Wagging the Dog
In today’s Post, Dana Milbank lets leading figures from both sides decide if the Bush administration is “Wagging the Dog” in Iraq. It’s a good, well-balanced piece, and worth a read, despite being fairly predictable. (Daschle: He’s wagging the dog. Fleischer: No he isn’t.) This is the first article I’ve read that compiles all of the relevant soundbites from the last few weeks:
Karl Rove argued earlier this year that the war on terrorism should be part of Republicans’ campaigns this year. Last week, White House political aides encouraged GOP candidates to emphasize national security. Also, Andrew H. Card Jr., Bush’s chief of staff, said last week that the White House held back on promoting the Iraq policy in the summer because, “from a marketing point of view, you don’t introduce new products in August.” And Rep. Thomas M. Davis III (Va.), chairman of the National Republican Congressional Committee, made an Iraq vote explicitly political, saying, “People are going to want to know, before the elections, where their representatives stand.”
Once again, I have to begrudgingly applaud the Republicans, who, as Milbank points out, are winning this round. A few weeks ago a Canadian friend asked me to explain why so many Americans were supporting this war. After ranting about Dubya’s supposed “moral authority,” I predicted that he would apply enough political pressure on Congress to force a vote, leaving even the most hesitant Democrats with a choice between supporting a war that they don’t want or looking “soft on terrorism.” Unfortunately, it looks like I was right. Milbank writes:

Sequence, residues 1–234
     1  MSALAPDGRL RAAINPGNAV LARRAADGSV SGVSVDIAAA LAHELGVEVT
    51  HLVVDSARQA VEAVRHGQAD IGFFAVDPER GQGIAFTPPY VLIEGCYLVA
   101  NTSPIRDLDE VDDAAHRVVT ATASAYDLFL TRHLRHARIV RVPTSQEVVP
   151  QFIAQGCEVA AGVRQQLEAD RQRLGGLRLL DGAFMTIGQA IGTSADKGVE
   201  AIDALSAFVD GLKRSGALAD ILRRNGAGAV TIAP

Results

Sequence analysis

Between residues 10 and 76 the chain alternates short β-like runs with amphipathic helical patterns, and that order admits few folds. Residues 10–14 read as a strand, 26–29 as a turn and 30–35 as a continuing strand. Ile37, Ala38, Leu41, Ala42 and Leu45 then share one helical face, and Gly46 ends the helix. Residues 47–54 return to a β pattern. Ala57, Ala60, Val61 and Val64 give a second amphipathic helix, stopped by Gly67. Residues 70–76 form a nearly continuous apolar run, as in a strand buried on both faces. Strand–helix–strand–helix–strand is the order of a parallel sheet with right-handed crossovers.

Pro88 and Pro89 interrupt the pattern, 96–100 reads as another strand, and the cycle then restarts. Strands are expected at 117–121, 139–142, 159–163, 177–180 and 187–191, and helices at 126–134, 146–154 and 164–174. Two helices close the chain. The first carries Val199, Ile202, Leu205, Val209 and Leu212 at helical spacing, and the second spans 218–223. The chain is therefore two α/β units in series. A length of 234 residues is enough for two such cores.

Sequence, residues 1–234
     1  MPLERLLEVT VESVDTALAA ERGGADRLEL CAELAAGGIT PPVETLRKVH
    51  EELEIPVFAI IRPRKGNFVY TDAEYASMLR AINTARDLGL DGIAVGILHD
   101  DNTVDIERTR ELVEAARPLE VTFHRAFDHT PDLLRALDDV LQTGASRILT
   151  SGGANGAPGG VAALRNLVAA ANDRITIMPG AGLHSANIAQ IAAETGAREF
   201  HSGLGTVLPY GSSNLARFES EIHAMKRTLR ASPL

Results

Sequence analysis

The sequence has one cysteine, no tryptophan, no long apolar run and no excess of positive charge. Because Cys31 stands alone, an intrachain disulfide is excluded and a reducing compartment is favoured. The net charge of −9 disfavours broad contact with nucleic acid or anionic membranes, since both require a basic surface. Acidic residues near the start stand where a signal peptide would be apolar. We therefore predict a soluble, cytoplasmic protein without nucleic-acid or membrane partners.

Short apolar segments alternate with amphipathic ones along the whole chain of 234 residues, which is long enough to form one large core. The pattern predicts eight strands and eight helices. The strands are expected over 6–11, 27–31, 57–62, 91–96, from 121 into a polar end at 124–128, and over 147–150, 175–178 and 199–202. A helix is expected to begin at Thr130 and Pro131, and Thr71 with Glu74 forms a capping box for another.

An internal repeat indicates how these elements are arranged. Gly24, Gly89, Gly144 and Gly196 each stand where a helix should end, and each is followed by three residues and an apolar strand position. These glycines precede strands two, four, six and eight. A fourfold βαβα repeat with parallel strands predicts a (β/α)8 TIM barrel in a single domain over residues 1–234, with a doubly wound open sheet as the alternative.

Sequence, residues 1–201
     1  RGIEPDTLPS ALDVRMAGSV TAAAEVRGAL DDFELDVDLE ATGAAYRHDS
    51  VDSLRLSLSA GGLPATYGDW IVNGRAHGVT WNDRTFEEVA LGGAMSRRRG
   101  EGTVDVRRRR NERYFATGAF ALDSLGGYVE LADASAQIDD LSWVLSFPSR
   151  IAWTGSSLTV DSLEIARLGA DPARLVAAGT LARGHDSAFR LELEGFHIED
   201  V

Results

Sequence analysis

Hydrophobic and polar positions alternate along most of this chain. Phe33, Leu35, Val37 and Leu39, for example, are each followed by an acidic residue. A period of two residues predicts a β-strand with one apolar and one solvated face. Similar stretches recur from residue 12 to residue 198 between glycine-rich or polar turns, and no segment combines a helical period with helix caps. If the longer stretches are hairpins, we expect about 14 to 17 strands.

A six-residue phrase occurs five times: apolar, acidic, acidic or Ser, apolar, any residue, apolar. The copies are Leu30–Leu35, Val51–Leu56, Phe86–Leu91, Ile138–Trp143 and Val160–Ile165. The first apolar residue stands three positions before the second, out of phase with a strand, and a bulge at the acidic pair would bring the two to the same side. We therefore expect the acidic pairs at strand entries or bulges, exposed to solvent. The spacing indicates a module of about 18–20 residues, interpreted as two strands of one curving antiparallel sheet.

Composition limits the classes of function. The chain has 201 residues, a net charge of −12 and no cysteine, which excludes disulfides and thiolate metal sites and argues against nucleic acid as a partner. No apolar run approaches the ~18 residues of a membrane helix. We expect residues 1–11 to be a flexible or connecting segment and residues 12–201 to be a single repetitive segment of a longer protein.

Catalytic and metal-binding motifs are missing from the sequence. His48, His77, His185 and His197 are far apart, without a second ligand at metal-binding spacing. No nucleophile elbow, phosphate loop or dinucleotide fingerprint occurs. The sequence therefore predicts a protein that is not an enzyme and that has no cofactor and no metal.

Whatever the White House motive, the emergence of Iraq as an issue before the election has spooked Democrats, who find themselves struggling for a response. Though there is no consensus for handling the matter, party strategists said the likeliest course is for Democrats to agree to votes quickly on a resolution authorizing force against Hussein — in hopes of getting back to domestic matters.
Of course, while the Democrats struggle to find an answer, Bush has already turned his attention to domestic matters, in a manner of speaking. While his two most eloquent spokesmen, Cheney and Powell, take turns looking Presidential on Meet the Press, Bush is back out doing what he does best: shaking hands, posing for pictures, and sitting down to $1,000 dinners. Remember the good ol’ days of bashing Clinton for his fundraising exploits? He’s got nothin’ on this guy. After visiting Iowa today, Dubya will spend part of tomorrow in my most recent home state, Tennessee, where he’ll be stomping for Lamar Alexander. Yes, that Lamar Alexander. He’s hoping to return to Washington by filling our vacant Senate seat. (Feel free to support his competition.)
And what message will Bush be pushing on the trail? Why the need for “fiscal responsibility,” of course. It seems that we’ve suddenly run into a $157 billion deficit. A note for Karl Rove: please tell Mr. Bush that his $1.35 trillion tax cut may be partly responsible for that crunch and that the war in Iraq will also cost a penny or two. For more info, listen to Terry Gross’s interview with Steve Weisman, author of The Great Tax Wars, who puts the current situation in its proper historical perspective. He mentions, for instance, that no President has ever cut taxes during war. Interesting.